As a wife, I appreciate Job’s gracious response. Instead of directly calling her a foolish woman, he speaks to her as though this isn’t who he knows her to be. He says that she is speaking “as one of the foolish women would speak” (Job 2:10). He doesn’t attack her character, but he lovingly calls out where she is wrong. I hope that Job’s faith in the midst of agony and tragedy eventually won her to a deeper faith of her own.
Let Your Spouse Walk with You
Whether we are the suffering spouse like Job, or suffer alongside of our spouse like Dr. McQuilkin, we can glean wisdom from their godly responses as we walk the hard road of chronic pain or illness in our marriages. We don’t have to settle for survival. We can strive to experience a deeper love for the Lord and each other in the midst of our suffering.
We can learn to avoid turning inward and against one another in the struggle. We need to consistently go to the Lord first with our needs and desires, and then take steps to communicate with our spouse on how to navigate the realities of chronic illness together. If we who suffer get trapped in the wrong thinking that our pain is ours to bear alone and nothing more than a burden to our spouse (or children), we will often battle guilt and resentment. We’ll either become hardened to those around us or consumed by the loneliness it often brings.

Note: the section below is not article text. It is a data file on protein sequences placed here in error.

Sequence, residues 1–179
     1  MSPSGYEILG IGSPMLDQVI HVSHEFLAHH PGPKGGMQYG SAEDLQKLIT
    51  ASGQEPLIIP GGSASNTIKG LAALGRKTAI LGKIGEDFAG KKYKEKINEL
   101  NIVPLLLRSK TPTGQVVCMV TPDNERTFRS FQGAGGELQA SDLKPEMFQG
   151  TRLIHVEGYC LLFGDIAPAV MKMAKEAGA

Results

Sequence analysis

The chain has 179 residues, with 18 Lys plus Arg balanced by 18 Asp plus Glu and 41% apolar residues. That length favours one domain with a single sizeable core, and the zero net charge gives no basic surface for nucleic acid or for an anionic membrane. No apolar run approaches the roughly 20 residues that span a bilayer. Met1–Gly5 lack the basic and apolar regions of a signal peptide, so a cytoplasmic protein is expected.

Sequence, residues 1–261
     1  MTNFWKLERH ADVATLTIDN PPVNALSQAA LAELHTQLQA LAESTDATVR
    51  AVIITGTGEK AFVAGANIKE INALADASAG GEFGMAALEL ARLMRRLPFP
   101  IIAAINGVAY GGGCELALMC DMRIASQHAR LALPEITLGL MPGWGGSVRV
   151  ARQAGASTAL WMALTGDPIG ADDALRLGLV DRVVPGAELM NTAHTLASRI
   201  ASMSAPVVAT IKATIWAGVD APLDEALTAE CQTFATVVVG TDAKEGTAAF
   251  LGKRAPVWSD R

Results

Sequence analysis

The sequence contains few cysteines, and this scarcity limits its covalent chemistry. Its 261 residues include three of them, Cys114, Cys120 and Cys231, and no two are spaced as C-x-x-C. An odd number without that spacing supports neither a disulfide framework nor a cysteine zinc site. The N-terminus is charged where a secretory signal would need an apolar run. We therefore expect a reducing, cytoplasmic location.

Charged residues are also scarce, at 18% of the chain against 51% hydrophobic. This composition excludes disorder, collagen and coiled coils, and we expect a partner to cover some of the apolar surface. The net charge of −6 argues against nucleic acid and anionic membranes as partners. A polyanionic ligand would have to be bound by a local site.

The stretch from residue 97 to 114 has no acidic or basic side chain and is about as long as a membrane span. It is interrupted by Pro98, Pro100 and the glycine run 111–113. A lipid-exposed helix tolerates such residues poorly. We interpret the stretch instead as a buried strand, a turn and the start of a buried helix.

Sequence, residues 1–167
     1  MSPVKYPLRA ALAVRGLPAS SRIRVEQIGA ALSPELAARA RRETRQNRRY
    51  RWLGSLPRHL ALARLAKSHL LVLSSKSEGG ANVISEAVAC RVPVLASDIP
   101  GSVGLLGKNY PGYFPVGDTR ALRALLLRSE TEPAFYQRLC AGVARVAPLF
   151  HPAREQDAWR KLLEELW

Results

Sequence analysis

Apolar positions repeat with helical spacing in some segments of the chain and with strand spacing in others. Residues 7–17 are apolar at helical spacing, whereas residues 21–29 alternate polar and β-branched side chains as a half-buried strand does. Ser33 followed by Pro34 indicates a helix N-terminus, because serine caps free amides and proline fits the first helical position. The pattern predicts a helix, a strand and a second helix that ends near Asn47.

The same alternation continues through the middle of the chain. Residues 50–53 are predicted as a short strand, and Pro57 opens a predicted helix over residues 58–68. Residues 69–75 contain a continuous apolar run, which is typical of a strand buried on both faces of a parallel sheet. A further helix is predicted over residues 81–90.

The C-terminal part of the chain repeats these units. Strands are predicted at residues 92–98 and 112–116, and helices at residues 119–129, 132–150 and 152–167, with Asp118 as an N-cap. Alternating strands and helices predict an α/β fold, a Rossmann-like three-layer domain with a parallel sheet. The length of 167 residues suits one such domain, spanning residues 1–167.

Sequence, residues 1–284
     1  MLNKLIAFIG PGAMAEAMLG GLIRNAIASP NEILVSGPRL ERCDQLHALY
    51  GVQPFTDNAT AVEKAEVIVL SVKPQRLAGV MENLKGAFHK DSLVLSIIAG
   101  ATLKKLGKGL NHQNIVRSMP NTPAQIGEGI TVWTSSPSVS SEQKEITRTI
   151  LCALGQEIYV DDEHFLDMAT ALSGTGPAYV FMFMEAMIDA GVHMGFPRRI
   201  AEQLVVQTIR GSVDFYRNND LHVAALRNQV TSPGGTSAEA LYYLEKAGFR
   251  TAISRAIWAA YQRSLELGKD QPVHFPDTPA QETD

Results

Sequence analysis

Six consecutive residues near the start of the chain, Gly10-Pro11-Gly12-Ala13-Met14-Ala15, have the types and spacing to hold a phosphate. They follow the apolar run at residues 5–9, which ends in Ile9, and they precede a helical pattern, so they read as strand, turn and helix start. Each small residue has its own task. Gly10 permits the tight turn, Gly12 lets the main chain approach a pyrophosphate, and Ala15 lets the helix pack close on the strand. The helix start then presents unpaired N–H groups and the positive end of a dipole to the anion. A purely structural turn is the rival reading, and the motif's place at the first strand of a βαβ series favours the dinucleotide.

However, if we realize that God has sovereignly allowed our suffering, not only for our own growth and good, but for our spouse’s as well, it can help us move toward them with a common goal, rather than away in guilt and self-reliance. In fact, we rob our spouses of the God-given role that they’ve been given when we try to live as though we must carry our suffering on our own. We withhold both the privilege of walking alongside us and the opportunity to grow in greater Christlikeness through this trial.
Of course, no spouse will do this perfectly. It takes supernatural humility and open communication, rather than assuming our spouse will automatically know how to help carry the physical and emotional load that chronic illness brings. But as we walk this road imperfectly together, prayerfully relying on the strength of Christ to communicate, extend grace, and love each other with the unique roles he’s given us, we become a more beautiful picture of the long-suffering love of God for us.
Two Prayers for Your Marriage
The grievous losses and painful trials have not had the final word in our marriage. They have been a vessel that God is using to give us a deeper and more satisfying love for one another in Christ.
May those of us who have been called to live with a long-term illness pray with childlike faith, Lord, heal me if it would be your will, but if not, help me to trust your purposes and love my spouse as you have loved me. Guard me from the deadening cloud of guilt over the burden I feel like I am, and help me trust that you will give my spouse the strength and endurance for the road you have called him to walk with me.
And may those who have been entrusted with the high calling of loving and serving their spouse with chronic illness be able to pray like Dr. McQuilkin, “Lord, I pray you will do a physical miracle in my wife, but if you choose not to, then work a spiritual miracle in me so that I can love her well until the end.”